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Before you get your heart set on a house, you need to figure out how much you can afford. The best way to do that is to get a mortgage pre-approval. While getting pre-approved is not required, we highly recommend it as it will make your home buying process much easier.
Ability to negotiate a price that fits within your budget. Locks in an interest rate for 120 days. More appealing to sellers. Faster closing period. To get your mortgage pre-approval, one of our lending associates will evaluate your finances to determine the size of the mortgage you can manage (it’s all about the numbers).
Now you can be pre-approved, search for a home, switch to Scotiabank and get mortgage approval all in one place, all online. 1 So applying for a mortgage is now faster and easier than the usual route.
It also applies to once-off self-build homes. It is a rebate of income tax paid over the previous 4 years. It will run until the end of 2022. Mortgage approval Commercial lenders (banks) offer a range of mortgage rates and products. Before starting to look for a home, you should check with potential lenders to get a statement of how much they are prepared to lend you.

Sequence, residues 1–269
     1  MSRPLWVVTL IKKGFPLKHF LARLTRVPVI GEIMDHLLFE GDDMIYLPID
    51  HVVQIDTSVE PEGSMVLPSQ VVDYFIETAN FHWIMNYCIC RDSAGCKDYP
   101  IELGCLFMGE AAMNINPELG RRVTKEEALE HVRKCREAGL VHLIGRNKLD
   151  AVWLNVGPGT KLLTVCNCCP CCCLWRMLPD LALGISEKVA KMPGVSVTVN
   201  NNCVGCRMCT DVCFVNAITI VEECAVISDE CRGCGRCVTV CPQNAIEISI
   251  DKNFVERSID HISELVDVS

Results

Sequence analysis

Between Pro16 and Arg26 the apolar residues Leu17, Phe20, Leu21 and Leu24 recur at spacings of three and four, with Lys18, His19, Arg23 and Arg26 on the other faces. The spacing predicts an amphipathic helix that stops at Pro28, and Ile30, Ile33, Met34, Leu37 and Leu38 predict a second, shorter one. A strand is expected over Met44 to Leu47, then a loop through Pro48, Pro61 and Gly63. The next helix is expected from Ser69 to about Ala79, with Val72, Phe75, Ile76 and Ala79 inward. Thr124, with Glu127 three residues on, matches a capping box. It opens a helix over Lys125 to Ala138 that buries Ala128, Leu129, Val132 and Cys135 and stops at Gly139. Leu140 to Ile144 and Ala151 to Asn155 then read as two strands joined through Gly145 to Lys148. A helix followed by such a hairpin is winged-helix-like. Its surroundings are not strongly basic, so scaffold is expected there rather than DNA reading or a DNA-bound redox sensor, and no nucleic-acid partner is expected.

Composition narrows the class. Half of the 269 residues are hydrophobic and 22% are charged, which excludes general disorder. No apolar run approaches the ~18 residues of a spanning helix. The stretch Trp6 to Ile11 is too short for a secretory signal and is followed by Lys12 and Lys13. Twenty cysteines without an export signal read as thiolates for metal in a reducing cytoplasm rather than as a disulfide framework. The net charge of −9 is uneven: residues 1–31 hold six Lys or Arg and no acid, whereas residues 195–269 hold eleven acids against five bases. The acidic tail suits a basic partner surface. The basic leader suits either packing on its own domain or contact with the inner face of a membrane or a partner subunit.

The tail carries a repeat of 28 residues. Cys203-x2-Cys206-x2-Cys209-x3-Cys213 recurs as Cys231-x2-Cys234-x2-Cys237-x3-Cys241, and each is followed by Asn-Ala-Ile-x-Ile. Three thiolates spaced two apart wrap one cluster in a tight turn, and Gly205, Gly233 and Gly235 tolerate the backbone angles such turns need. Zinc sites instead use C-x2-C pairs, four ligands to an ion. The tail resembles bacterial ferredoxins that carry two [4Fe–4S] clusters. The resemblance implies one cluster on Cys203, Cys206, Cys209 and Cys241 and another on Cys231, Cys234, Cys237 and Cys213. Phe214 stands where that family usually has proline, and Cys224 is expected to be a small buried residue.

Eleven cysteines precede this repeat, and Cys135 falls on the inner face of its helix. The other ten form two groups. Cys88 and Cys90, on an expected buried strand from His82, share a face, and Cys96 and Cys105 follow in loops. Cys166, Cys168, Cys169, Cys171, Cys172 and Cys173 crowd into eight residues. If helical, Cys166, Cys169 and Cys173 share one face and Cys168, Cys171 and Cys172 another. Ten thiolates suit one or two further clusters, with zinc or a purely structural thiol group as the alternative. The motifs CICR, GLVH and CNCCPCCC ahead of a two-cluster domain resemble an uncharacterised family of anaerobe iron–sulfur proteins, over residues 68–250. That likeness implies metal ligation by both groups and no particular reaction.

Getting approval in principle will indicate what price range you can consider when looking for somewhere to buy. Learn more. However, approval in principle doesn’t mean that the lender has approved a mortgage and agreed to lend you this amount. The official mortgage approval is contained in a letter of offer, which the lender will only issue when it is fully satisfied with certain matters, including a valuation of the property you are buying.
These regulations were brought in by the Central Bank in 2015 and have been amended a number of times. The regulations include loan-to-income (LTI) and loan-to-value (LTV) limits. They also outline the flexibility that lenders have to make exceptions to these limits. These are all described in detail below. These limits apply to most housing loans including equity release and top-up on an existing mortgage.
How the limits work There are 2 types of limit: is based on the ratio of the size of the loan to the value of the home you want to buy is based on ratio of the size of the loan to the income(s) of the borrower(s) In general, you will have to meet both of these limits for your mortgage to meet the Central Bank’s requirements (Get the latest mortgage news).